UCSB garnered a 25 percent increase in private funding this year after alumni and other donors contributed more than $68 million in gifts and pledges, helping to accommodate a recent decline in state funds.

The gifts were donated to the UCSB Capital Campaign, which aims to raise the philanthropic support of the university, Director of Development Gary Greinke said. The campaign began with an initial goal of $350 million on July 1, 2000, but was later raised to $500 million after support for the campus appeared to be increasing last May.

“People feel good about the campus and what is going on here,” Greinke said. “Alumni take a lot of pride in the campus.”

Greinke said money from the campaign will be used to construct new buildings and fund various departments and student scholarships.

“We are working to create a culture of giving,” Greinke said. “The purpose of the campaign is to show what the university is trying to accomplish.”

The Donald Bren School of Environmental Science and Management, as well as the Global and International Studies Program are two of the departments receiving especially generous donations, Greinke said. In addition, John Weimann, the vice chancellor of Institutional Advancement, said the Center for Film, Television and New Media has received its $10 million funding entirely from private donors such as UCSB alumni Michael Douglas and Scott Frank.

The total number of gifts the university received last year reached a record of 27,444, with gifts for research increasing by 74 percent, according to a university press release. The total amount the university received last year for research totaled nearly $20 million.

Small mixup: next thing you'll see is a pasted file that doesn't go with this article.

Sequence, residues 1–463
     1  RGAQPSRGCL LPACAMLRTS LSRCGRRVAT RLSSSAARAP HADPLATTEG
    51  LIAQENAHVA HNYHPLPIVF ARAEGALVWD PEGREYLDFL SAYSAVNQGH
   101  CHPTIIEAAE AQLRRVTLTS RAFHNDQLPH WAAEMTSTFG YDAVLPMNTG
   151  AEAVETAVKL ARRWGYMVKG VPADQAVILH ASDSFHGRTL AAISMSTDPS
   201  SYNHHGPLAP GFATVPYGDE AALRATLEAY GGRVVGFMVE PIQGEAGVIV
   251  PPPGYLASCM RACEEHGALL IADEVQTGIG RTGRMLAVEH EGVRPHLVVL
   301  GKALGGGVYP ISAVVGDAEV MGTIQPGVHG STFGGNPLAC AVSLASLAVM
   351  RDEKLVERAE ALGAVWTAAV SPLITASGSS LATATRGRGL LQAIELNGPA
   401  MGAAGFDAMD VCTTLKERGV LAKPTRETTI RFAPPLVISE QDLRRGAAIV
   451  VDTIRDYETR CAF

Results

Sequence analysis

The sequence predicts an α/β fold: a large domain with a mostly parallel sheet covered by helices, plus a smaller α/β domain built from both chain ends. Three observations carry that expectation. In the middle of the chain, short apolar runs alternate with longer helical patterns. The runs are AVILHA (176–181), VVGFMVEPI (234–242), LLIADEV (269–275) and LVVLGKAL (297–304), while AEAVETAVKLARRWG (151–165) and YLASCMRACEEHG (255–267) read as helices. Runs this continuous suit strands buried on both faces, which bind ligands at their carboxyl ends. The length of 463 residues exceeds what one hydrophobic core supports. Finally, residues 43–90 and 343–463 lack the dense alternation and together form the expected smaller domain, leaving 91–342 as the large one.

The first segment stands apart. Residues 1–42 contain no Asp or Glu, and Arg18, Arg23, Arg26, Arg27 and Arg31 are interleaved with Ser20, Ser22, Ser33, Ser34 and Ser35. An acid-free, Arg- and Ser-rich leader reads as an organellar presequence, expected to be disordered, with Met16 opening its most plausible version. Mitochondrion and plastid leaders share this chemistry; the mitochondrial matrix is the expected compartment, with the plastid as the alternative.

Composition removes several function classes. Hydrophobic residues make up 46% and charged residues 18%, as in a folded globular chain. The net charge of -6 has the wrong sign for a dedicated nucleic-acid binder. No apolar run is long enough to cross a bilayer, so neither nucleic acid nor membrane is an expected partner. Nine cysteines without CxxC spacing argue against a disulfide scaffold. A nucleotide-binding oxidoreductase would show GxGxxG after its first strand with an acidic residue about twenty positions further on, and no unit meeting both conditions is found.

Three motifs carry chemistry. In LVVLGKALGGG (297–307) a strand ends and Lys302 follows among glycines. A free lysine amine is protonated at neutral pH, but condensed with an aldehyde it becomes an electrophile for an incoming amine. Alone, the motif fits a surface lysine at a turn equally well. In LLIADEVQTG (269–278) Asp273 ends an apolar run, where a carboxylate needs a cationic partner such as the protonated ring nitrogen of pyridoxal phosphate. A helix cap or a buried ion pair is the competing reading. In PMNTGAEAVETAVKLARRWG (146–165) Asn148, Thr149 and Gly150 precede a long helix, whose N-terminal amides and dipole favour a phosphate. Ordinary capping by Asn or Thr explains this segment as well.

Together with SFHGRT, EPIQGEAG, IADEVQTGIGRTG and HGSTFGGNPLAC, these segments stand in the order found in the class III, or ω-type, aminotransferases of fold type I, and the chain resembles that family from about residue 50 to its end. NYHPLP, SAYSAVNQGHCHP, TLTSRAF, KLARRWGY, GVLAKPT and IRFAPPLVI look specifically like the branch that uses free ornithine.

However, Weimann said the increase in private funding that is designated for research will not inhibit the academic freedom involved in campus research.

“For philanthropic support, there is no expected product,” Weimann said. “They are not making any demands.”

Weimann said private financial support helps to maintain the livelihood of the university, which might otherwise suffer.

“Philanthropic support provides programs to students that the state doesn’t provide for,” Weimann said.

Weimann said the increase in support was critical because of the recent decrease in state funding, caused in part by the California State budget crisis.

“The state only does a certain amount,” Weimann said. “Over the last decade the state support has really eroded.”

Greinke said the campaign is likely to extend through 2009 and has volunteers working to raise money all over the country, in cities such as Los Angeles, Chicago and Washington D.C.

“We have a lot of wonderful volunteers,” he said. “It really is a total team effort.”